Saudi Arabia’s economic performance has been strong and its outlook remains positive. Nevertheless, the country’s growth is expected to slow from 7.1 percent in 2011 to 6 percent in 2012. And while the oil sector will remain a fundamental aspect of the country’s economy and its important geopolitical position, Saudi Arabia’s high reliance on the oil sector also puts the country at risk from future shocks in the oil market.

Already the European debt crisis has had an impact on Saudi Arabia’s economy. Oil prices have slumped as a result, with Brent crude falling around 20 percent due to a weakened global stock market, the reduction of a political risk premium resulting from improved relations with Iran, and increases in the global stock of oil. These events have been followed by the abrupt fall of TASI, the Saudi stock market, significant decreases in consumer spending, and rising inflation.

Yet, in spite of the weakening state of the global economy and the inevitable impact that it has had on Saudi Arabia’s economy, the country shows promise in a number of sectors, which if exploited further could provide an alternative lifeline to the country.

In a clear break from past trends, Saudi Arabia’s private sector is growing. This trend can be in part explained by the increase in bank lending to private sector. In year-on-year terms, lending growth was at its highest since March 2009. More specifically, bank lending to private sector rose by 1.1 percent in April to reach 13.5 percent in year-on-year terms, according to a recent report by Jadwa Investment. Increased lending opportunities are crucial for the growth of the private sector, as they provide entrepreneurs and SMEs with the possibility to pursue new ventures. In advancing the opportunities available in the private sector, increased lending also creates important positive spill-over effects in the rest of the economy, such as the creation of more jobs.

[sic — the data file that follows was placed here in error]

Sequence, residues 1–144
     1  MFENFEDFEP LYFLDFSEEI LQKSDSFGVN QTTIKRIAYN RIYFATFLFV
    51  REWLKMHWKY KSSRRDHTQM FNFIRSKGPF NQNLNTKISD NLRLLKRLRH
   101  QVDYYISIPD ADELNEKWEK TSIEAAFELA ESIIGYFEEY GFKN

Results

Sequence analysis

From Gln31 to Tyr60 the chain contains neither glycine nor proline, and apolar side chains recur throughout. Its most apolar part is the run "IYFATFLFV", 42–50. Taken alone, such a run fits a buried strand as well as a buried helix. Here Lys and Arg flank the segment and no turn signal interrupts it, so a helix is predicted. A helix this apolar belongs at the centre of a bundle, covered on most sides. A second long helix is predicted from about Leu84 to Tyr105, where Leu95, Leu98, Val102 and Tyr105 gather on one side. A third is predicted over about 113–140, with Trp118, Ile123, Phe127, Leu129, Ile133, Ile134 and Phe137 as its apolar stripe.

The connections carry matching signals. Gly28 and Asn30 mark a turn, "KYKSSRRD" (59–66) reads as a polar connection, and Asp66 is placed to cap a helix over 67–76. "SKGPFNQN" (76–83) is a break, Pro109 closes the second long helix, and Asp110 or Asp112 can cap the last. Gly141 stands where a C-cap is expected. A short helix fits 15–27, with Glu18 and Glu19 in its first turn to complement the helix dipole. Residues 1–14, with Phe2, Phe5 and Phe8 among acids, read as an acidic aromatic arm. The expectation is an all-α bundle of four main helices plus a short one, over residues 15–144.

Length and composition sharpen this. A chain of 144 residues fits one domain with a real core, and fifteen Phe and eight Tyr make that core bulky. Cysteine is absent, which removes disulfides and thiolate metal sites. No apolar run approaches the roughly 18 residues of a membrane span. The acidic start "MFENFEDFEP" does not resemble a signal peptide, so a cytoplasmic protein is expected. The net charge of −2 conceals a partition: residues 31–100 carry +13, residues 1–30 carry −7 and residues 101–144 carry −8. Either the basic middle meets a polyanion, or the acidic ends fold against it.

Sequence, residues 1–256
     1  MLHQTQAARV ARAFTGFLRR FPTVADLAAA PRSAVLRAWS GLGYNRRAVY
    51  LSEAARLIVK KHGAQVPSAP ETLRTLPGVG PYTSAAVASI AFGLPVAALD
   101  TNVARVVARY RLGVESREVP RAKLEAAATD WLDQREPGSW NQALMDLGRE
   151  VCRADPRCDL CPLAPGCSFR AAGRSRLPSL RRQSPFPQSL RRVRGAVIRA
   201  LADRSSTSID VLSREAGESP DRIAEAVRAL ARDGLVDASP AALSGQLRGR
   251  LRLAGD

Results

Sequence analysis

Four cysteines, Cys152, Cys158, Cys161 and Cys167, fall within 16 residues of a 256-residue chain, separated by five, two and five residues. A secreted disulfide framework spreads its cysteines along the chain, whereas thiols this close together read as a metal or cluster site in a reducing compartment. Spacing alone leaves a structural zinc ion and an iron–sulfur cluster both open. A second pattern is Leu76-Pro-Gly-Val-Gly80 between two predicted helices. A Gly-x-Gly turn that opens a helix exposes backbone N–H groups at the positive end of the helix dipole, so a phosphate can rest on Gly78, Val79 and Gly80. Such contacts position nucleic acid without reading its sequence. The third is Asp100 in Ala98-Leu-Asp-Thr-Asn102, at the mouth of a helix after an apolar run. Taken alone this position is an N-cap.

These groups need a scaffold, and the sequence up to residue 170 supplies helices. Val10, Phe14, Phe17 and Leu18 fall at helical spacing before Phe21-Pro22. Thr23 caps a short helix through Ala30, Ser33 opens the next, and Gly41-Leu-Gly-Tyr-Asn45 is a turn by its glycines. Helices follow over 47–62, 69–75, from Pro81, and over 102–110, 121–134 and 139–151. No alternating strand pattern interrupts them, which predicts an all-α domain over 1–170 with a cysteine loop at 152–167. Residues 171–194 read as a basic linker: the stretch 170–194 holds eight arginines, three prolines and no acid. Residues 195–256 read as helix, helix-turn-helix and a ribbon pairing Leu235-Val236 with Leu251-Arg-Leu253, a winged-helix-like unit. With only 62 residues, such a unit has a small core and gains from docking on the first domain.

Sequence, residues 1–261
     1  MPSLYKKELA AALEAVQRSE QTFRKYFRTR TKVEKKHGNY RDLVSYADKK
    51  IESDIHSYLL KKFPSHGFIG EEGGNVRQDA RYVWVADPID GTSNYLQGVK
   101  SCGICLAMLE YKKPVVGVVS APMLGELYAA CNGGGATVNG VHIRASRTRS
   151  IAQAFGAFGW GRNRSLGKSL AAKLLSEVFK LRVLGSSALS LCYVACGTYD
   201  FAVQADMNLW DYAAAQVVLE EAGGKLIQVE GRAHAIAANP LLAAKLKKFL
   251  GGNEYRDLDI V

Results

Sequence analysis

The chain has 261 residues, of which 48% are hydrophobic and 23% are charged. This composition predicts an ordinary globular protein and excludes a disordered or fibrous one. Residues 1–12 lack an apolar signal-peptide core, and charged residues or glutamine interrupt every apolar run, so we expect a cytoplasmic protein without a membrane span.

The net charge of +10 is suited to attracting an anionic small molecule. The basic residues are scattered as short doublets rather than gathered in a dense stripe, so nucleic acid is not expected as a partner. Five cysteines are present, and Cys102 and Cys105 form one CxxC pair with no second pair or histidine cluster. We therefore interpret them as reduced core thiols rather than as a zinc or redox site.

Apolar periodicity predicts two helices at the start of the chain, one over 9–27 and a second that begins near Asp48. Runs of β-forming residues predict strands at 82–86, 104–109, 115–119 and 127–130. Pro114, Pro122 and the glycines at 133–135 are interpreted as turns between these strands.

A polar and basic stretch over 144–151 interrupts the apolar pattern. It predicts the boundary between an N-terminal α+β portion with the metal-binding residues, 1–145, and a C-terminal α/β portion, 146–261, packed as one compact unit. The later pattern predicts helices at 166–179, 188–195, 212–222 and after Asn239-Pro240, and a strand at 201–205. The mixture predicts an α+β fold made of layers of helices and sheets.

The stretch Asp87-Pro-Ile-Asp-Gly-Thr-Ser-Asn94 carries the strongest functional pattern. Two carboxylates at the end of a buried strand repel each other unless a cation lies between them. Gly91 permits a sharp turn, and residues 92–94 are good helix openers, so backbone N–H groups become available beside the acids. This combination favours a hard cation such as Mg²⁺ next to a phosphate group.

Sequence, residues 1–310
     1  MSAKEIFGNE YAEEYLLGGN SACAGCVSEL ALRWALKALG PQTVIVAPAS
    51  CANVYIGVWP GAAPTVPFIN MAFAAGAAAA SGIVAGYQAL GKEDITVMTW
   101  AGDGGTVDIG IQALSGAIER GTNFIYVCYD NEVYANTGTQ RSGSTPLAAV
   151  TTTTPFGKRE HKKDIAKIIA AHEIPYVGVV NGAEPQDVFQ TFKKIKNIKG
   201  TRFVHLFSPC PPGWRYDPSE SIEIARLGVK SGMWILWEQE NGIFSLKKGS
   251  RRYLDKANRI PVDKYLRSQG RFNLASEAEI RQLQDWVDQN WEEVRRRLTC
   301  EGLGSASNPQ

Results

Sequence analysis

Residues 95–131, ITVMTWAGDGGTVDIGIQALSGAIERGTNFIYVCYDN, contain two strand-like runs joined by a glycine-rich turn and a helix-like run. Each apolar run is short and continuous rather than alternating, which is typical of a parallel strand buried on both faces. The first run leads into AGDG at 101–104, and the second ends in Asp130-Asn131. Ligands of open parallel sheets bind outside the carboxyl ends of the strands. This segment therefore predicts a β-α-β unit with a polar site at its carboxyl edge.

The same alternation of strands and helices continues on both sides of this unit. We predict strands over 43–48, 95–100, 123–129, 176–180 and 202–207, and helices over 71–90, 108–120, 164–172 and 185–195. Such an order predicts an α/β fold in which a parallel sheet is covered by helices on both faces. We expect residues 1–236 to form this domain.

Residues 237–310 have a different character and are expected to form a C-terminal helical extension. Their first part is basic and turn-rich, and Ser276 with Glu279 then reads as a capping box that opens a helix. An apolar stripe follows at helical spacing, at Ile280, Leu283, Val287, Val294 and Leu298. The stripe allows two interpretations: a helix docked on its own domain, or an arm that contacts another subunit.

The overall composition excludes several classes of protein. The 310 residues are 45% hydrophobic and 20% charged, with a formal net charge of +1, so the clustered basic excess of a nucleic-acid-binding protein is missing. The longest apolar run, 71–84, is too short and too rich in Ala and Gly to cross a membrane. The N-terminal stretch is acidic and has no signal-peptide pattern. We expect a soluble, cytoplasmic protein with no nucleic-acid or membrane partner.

Further demonstrating the potential areas of growth in Saudi Arabia’s economy, non-oil exports and imports grew significantly in March of this year. Petrochemicals and refined products led non-oil exports. That the country’s refined products have been the fastest growing category of exports bodes well for Saudi Arabia’s future growth.

Countries that focus on exporting a wide variety of products, especially products of higher levels of sophistication that have a higher added value, boast higher levels of growth. If Saudi Arabia continues on this trend, it could see a similar positive trajectory to other countries that have pursued this approach to growth, such as South Korea.

According to the IMF’s study, many of the positive trends currently being observed in Saudi Arabia result from the government’s positive and prudent management of the economy. The Saudi government is well placed to continue to build on these advances and it is most likely to achieve success if it further reforms the economy, rendering its business environment more favorable. In addition to sustaining its reform agenda, the IMF has called on Saudi Arabia to support the growth of its financial sector, primarily by implementing Basel III, strengthening risk management, and promoting capital market development.

[Originally published by The Majalla on June 20, 2012. Reprinted with permission.]


Paula Mejia

A contributing writer for The Majalla based in Tunisia. As a freelance journalist and consultant for the African Development Bank, her work has focused on the economic and social challenges in Africa, with a special focus on Egypt, Tunisia and Libya. She is a graduate of the London School of Economics, L’Institut D’Etudes Politiques de Paris and the University of Chicago.


About The Majalla

THE MAJALLA offers an array of articles addressing the most important issues facing the Middle East and the world today. From political analysis of developing stories, to debates between world class intellectuals, and interviews of leading political figures, our magazine is dedicated to providing the public with informative analyses of the current events shaping the global order. [Source: The]